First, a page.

By Egotist / /
Creative director and photographer Edi Inderbitzin encourages people to appreciate the everyday, normal beauty in effort to fight teen depression.
At the beginning of 2019, Edi Inderbitzin started the project “Every Waking Hour.” The project was created with the intention to bring awareness to depression among young Americans caused by social media. By taking a photo literally every waking hour for a year, the hope was to spotlight the normal, “not curated” life and show that there is beauty in every waking moment if we are willing to take a closer look.
Now in 2020 while everyone is in quarantine, Inderbitzin decided it was time to inspire people to show their real “ordinary” lives vs. their Instagram curated lives. His project shows people how to find the beauty in the otherwise normal moments.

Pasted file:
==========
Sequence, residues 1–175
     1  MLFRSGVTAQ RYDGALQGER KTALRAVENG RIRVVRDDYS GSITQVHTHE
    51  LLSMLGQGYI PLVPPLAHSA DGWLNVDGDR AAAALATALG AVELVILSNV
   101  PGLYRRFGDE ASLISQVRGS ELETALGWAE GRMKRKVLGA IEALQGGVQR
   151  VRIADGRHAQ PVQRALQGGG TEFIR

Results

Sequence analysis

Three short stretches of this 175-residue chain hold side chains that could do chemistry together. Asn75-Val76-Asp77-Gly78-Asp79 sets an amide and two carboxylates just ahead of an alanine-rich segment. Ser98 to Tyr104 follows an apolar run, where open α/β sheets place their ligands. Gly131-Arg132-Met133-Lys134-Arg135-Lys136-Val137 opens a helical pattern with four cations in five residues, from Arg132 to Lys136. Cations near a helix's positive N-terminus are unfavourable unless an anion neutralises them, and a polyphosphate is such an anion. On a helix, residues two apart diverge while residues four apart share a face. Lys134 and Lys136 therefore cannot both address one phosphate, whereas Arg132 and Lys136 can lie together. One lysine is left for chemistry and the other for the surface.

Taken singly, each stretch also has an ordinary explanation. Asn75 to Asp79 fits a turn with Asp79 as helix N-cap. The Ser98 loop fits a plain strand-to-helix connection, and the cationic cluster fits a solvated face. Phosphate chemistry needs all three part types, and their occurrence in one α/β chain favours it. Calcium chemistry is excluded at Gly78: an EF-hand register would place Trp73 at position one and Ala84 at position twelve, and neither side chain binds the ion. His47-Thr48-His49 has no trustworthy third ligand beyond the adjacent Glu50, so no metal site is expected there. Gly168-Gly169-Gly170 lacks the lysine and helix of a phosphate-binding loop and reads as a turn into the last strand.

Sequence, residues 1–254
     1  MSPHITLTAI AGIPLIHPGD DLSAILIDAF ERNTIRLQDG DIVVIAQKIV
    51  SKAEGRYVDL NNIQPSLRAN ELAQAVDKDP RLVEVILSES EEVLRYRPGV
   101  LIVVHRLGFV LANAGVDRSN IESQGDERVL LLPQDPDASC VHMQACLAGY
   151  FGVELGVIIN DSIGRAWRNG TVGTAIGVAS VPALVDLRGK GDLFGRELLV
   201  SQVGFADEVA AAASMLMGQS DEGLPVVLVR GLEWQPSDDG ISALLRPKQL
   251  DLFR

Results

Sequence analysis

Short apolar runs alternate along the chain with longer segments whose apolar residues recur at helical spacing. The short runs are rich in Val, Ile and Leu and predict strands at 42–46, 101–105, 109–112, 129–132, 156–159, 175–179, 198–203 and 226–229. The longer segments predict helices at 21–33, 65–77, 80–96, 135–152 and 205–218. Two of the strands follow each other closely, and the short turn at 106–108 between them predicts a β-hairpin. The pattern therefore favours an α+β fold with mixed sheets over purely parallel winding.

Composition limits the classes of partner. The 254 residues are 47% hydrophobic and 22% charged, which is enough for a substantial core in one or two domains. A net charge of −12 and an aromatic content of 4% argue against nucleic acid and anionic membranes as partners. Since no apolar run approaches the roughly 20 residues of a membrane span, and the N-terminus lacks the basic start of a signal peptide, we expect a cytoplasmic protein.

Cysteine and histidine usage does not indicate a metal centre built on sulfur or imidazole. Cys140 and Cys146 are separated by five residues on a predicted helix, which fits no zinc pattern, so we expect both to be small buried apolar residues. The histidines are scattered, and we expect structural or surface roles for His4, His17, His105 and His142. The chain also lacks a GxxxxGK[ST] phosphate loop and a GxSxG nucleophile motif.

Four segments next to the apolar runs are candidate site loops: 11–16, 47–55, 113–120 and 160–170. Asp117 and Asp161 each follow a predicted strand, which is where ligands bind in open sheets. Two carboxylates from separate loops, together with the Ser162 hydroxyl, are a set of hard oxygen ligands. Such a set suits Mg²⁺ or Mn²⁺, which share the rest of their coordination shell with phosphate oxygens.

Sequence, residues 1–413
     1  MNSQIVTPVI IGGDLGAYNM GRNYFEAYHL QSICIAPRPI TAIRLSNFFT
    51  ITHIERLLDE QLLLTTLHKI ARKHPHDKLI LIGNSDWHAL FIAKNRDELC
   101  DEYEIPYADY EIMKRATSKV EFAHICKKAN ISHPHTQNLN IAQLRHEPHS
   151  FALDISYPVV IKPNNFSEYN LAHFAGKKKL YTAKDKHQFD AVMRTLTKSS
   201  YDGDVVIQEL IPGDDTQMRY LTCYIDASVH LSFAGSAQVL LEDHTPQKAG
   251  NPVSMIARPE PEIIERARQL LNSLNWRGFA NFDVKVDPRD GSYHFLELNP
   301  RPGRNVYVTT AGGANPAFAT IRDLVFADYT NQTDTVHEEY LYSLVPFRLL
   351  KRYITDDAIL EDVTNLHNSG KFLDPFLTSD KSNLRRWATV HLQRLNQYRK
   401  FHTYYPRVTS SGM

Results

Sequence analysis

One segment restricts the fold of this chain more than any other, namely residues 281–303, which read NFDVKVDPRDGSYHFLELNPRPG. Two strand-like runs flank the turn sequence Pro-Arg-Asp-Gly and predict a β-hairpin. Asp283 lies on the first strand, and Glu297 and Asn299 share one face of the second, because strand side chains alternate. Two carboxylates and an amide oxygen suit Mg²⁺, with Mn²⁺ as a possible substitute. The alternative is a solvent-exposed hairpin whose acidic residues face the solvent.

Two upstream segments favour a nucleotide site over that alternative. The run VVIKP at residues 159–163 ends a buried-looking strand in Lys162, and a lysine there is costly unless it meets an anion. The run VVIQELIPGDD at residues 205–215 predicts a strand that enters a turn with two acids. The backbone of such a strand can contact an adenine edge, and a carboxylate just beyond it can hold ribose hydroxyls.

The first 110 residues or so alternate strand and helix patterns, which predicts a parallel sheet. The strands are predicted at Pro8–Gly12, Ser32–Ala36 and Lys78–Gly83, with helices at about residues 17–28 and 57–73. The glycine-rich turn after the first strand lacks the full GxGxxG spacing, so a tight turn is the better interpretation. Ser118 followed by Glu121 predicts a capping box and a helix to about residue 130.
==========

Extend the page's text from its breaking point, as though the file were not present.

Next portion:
The project showcases 5091 photos that display Edi Inderbitzin’s life as a creative director in LA, and his travels to Mexico, Berlin, Hamburg, and Switzerland.
Between 2009 and 2017, rates of depression among kids ages 14 to 17 increased by more than 60% and in 2017, more than one in eight Americans ages 12 to 25 experienced a major depressive episode, a study found.
One seemingly obvious factor contributing to this disturbing increase is the prevalence of social media in our everyday lives. It’s no secret that social media has a tendency to gloss over real life and make others’ lives look unattainably perfect. With kids spending anywhere from six to nine hours a day on different platforms, surrounding themselves with these unachievable examples, it’s no wonder they’re feeling dissatisfied and depressed.
So what can we do to remind all of us that real life is just as beautiful as this fake, curated “perfection?”
The intention of this project is to show that greatness can be found in those moments that aren’t perfectly curated. The imperfect, raw and real moments lived in between the “Instagrammable moments” are beautiful and just as meaningful.